Caspofungin or Micafungin as Empiric Antifungal Therapy for Persistent Fever and Neutropenia

This study has been completed.
Sponsor:
Collaborator:
Astellas Pharma US, Inc.
Information provided by:
Brigham and Women's Hospital
ClinicalTrials.gov Identifier:
NCT00723073
First received: July 24, 2008
Last updated: August 25, 2010
Last verified: August 2010
  Purpose

Invasive fungal infections are an important cause of morbidity and mortality in patients with neutropenia who are receiving chemotherapy for cancer. Early diagnosis of these infections is difficult and fever may be the only sign. A delay in treatment while a diagnosis is pursued may lead to increased morbidity and mortality. There are now several echinocandins available with similar in vitro spectrum of activity. Caspofungin is the only echinocandin Food and Drug Administration (FDA) approved for empiric antifungal therapy in febrile neutropenia. Although all echinocandin antifungal agents have similar spectrum of activity, there are limited data on the use of micafungin in patients with persistent fever and neutropenia (FN). In November 2006 the Pharmacy and Therapeutics Committee at Brigham & Women's Hospital / Dana Farber Cancer Institute (BWH/DFCI) switched from caspofungin to micafungin as our formulary echinocandin. Given the limited clinical data on the use of micafungin as empiric antifungal therapy in patients with FN, we sought to evaluate the safety and effectiveness of micafungin, compared with caspofungin, for this indication using a sequential cohort analysis of patients treated before and after the formulary change at Brigham and Women's Hospital.


Condition
Febrile Neutropenia

Study Type: Observational
Study Design: Observational Model: Cohort
Time Perspective: Retrospective
Official Title: Evaluation of Caspofungin or Micafungin as Empiric Antifungal Therapy in Adult Patients With Persistent Febrile Neutropenia: A Retrospective, Observational, Sequential Cohort Analysis

Resource links provided by NLM:


Further study details as provided by Brigham and Women's Hospital:

Primary Outcome Measures:
  • Composite Primary Endpoint: Number of Participants With an Overall Favorable Response to Echinocandin Therapy for Empiric Antifungal Therapy for Persistent Febrile Neutropenia (FN) [ Time Frame: 11/1/2005 - 10/31/2007 ] [ Designated as safety issue: No ]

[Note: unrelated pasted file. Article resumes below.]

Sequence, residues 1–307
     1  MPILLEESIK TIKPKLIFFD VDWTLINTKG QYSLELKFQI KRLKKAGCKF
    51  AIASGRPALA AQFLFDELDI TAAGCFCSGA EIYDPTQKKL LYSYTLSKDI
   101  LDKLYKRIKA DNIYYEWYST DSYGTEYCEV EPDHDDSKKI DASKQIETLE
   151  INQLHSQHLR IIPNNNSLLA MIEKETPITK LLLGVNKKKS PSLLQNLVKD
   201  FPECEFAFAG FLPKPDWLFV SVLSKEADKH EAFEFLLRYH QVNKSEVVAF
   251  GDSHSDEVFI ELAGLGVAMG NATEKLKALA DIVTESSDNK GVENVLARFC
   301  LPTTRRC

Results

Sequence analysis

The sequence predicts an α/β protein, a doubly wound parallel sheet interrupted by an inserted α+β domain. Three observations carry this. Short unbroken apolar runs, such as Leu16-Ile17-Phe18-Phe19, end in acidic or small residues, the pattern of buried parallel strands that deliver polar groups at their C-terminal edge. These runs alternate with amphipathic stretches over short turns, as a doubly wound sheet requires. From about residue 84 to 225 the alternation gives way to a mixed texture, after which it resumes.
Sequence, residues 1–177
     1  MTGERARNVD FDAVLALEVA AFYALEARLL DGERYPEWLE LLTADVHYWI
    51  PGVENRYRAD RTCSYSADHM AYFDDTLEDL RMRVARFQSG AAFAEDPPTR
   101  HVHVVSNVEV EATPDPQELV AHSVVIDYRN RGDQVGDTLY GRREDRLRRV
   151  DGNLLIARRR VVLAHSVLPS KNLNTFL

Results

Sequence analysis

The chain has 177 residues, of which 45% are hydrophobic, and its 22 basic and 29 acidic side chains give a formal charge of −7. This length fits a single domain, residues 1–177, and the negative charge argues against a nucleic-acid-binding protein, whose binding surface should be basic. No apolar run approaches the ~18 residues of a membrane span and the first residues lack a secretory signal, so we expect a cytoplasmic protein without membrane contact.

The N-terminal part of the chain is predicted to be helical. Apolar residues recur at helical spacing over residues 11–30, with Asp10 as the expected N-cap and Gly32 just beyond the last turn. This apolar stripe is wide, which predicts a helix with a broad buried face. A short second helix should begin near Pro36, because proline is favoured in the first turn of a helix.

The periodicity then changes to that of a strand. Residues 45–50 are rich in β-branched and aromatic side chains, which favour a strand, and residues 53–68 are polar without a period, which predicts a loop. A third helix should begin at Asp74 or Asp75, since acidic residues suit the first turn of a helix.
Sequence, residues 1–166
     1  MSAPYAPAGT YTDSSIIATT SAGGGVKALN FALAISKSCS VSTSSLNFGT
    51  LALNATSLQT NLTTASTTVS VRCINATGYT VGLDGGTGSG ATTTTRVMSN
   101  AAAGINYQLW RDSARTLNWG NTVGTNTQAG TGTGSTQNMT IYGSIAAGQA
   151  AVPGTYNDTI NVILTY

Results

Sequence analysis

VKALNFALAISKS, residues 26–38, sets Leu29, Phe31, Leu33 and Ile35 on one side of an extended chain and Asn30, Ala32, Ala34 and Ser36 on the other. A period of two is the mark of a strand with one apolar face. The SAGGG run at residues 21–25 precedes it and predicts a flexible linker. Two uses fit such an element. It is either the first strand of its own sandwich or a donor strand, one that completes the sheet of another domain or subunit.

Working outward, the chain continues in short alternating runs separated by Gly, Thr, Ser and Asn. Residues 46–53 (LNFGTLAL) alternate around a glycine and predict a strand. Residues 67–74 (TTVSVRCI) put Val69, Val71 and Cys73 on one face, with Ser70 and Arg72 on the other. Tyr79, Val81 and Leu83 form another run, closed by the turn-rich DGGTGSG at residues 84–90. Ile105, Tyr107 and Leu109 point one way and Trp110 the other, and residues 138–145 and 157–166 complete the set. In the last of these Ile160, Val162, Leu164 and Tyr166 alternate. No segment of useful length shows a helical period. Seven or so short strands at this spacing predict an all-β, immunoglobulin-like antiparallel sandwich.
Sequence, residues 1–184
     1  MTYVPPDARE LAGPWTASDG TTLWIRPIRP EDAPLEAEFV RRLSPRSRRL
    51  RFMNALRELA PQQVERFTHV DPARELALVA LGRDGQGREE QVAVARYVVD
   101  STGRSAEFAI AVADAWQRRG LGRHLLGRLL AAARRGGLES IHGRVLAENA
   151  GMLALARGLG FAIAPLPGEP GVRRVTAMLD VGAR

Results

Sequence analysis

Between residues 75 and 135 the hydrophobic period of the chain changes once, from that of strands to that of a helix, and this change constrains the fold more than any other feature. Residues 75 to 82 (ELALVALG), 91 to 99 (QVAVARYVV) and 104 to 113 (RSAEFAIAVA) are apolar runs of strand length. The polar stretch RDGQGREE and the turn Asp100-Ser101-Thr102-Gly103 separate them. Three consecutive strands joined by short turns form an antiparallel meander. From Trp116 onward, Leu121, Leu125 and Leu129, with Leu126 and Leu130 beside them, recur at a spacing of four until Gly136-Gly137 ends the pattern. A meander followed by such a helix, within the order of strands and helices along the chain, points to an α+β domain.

Overall favorable response was defined as achievement of successful treatment of baseline fungal infections, survival to hospital discharge, absence of breakthrough Ivasive fungal disese (IFD), and lack of advserse events (AE) attributable to treatment that led to discontinuation of echinocandin therapy.

  • Successful Treatment of Any Baseline Invasive Fungal Disease (IFD) [ Time Frame: 11/1/2005 - 10/31/2007 ] [ Designated as safety issue: No ]
    Possible or proven baseline invasive fungal disease were defined as were diagnosed within the 2 days of initiating echinocandin therapy for persistent febrile neutropenia

  • Mortality at Hospital Discharge [ Time Frame: 11/1/2005 - 10/31/2007 ] [ Designated as safety issue: No ]
    We assessed all patients in the study cohort who dischaged from the hospital alive

  • Absence of Any Breakthrough Invasive Fungal Disease (IFD) [ Time Frame: 11/1/2005 - 10/31/2007 ] [ Designated as safety issue: No ]
    a breakthrough invasive fungal disesase was defined as any fungal infection that was diagnosed > 3 days on or during therapy or within 7 days after completion of therapy with an echinocandin

  • Lack of an Adverse Drug Event (ADE) Attributable to Echinocandin (EC) Therapy That Led to Discontinuation of Therapy [ Time Frame: 11/1/2005 - 10/31/2007 ] [ Designated as safety issue: No ]
    Defined as any advsere event directly attributable to echinocandin treatment that led to discontinuation of therapy or switch to alternative therapy


Secondary Outcome Measures:
  • Duration of Echinocadin Therapy for Persistent Febrile Neutropenia (FN) [ Time Frame: 11/1/2005 - 10/31/2007 ] [ Designated as safety issue: No ]
    median duration of therapy with an echinocandin (caspofungin or micafungin) for persistent febrile neutropenia (FN)

  • Liver Function Tests (LFTs) Elevated During or After Echinocandin Therapy [ Time Frame: 11/1/2005 - 10/31/2007 ] [ Designated as safety issue: No ]
    aspartate aminotransferase (AST) or alanine aminotransferase (ALT)> 5x the upper limit of normal (ULN) or total bilirubin > 3x the upper limit of normal (ULN)

  • Specific Type of Adverse Event That Resulted in Echinocandin (EC) Therapy Discontinuation [ Time Frame: 11/1/2005 - 10/31/2007 ] [ Designated as safety issue: Yes ]
    The description of the adverse event that resulted in discontinuation of echinocandin (EC) therapy

  • Duration of Hospitization [ Time Frame: 11/1/2005 - 10/31/2007 ] [ Designated as safety issue: No ]
    Median number of days patients were hospitalized during the study period

  • Duration of Neutropenia [ Time Frame: 11/1/2005 - 10/31/2007 ] [ Designated as safety issue: No ]
    Median number of days patients were neutropenic during the study period


Enrollment: 323
Study Start Date: January 2008
Study Completion Date: May 2008